@Matt made a great point that the Real World doesn't judge you on these skills, but rather on how you use your skills to solve real world problems. He also brought up diversity, but I would make the distinction that you should seek to align yourself with one or more non-programmers with a totally different skill set from yours if you want to make a difference in the world. Whether that person is a philanthropist, scientist, political pollster, or genius in another area will be influenced by your moral imperative for your life and the luck of who you meet that inspires you.
In terms of working on something bigger, there are plenty of huge open-source projects out there that need a great programmer. Think about what kind of programming you like most - algorithms, drivers, web... and choose a big open-source project like OpenSSL, the Linux Kernel, the Spring framework, or OpenOffice. Actually, I'm not sure that Spring will stand the test of time as well as my other two suggestions. Look into some of the newer frameworks like Play. Anyway, those are big projects.
I recently read Steve Yegge's Platform Rant and it totally sold me on the power of services. Look how many projects turn into something other than what they were designed to do? Facebook is more a platform for games than a way to meet your professors, Amazon is becoming more influential for its AWS than for selling books online. Amazon's AWS is a market leader in "cloud" hosting because they took the service infrastructure they made to sell books and made it public. Making your project extensible leaves it open to morph into something else.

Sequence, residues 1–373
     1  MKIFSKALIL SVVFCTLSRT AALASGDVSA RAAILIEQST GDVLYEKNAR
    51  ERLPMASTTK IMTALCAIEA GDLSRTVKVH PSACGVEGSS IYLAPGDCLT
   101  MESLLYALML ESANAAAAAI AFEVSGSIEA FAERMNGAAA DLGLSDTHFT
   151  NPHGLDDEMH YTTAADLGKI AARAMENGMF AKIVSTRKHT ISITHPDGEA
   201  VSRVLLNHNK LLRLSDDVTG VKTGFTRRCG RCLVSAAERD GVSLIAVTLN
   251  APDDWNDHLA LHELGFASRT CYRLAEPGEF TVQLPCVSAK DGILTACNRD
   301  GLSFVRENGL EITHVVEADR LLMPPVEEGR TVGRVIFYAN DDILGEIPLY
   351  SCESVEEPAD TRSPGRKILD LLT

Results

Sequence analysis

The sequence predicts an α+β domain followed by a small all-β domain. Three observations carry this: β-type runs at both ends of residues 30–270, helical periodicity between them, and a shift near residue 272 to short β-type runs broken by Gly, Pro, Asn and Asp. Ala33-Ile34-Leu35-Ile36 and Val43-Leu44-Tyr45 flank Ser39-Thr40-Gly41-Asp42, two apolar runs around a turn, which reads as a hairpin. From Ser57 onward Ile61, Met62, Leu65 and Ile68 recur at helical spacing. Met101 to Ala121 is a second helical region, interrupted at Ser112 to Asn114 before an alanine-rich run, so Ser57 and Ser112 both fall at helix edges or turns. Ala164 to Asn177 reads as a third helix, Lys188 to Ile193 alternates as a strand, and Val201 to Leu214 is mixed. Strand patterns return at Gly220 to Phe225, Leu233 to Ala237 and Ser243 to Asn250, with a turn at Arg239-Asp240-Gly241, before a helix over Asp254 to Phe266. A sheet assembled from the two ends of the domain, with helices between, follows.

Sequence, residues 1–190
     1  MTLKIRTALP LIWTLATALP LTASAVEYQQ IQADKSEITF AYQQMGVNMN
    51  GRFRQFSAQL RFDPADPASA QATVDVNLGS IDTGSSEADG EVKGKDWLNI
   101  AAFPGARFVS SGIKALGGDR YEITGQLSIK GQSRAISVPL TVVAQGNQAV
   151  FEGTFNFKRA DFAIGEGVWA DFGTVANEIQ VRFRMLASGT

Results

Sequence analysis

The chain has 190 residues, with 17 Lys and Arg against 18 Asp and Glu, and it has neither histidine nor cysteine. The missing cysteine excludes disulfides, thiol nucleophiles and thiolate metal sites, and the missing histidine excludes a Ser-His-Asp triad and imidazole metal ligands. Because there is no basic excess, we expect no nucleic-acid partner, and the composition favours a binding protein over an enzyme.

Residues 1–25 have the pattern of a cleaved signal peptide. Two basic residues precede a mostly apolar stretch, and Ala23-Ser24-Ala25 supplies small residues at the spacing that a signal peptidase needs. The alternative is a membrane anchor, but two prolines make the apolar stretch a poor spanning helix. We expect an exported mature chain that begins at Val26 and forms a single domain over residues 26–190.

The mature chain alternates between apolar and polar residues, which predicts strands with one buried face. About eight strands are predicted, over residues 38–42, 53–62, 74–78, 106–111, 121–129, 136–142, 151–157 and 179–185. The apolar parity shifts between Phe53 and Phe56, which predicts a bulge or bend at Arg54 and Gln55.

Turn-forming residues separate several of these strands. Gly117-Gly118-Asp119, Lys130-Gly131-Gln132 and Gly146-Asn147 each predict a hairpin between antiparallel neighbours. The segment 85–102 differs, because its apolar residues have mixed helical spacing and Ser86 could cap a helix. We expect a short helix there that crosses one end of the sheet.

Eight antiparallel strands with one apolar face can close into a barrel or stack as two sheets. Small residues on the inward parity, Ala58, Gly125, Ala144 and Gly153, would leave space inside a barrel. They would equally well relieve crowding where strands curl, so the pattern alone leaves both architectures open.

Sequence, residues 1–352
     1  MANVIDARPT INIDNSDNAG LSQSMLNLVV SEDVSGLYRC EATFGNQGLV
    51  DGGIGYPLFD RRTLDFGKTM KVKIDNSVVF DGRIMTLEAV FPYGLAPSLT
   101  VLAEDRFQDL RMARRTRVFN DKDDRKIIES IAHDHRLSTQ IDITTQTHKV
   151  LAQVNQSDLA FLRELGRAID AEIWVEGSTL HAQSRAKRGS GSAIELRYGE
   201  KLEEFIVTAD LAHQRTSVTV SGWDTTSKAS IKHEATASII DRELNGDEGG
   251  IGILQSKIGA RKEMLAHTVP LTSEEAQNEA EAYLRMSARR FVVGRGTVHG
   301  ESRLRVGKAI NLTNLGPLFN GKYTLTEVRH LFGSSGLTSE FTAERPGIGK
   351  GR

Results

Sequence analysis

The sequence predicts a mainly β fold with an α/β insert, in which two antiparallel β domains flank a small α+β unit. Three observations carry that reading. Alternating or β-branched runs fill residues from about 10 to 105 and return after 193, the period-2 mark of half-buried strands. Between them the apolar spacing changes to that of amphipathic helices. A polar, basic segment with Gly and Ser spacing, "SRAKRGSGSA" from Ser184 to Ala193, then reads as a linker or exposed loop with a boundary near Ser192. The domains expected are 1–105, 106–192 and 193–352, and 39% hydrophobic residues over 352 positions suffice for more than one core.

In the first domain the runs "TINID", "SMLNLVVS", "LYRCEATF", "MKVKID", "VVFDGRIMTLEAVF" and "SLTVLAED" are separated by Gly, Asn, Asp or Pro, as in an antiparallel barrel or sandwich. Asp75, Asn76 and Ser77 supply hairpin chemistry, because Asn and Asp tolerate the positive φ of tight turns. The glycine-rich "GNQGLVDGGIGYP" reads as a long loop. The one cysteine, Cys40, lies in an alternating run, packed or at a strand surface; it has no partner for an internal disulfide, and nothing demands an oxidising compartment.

You may also want to consider the license when choosing open-source projects. I personally favor Apache-licensed projects (even though I just recommend 2 or 3 GPL projects) because I can use them, unencumbered, in my proprietary source day job. But I'd rate a good project higher than the license.
If you are at the top of the heap in terms of coding, college is a good time to challenge yourself socially. And by "social" I mean getting involved in a volunteer organization, not getting intoxicated "socially." Volunteer organizations (a band, a soup kitchen, etc.) have all the interpersonal challenges of business organizations but in a more emotional and less competitive atmosphere. I felt my experience with band dynamics made the whole corporate politics thing much easier to navigate. Also it's important to understand what motivates people besides money. The power of an interesting project, or belief is not to be underestimated.
Finally, if your school isn't challenging you, then you might not be in the right school. For maximum learning, you should really be in a place where at least half of the people are smarter than you. I would consider a transfer, or trying to test-out of some courses to get to a good grad school sooner. Stanford has cranked out more CS greats than I can count, but MIT and others are really good too. I've recently been enjoying some online courses like Martin Odersky's Functional Programming in Scala course on Coursera, or the MIT Open Courseware Algorithms course. As @Landei suggested, there is stuff out there if you look.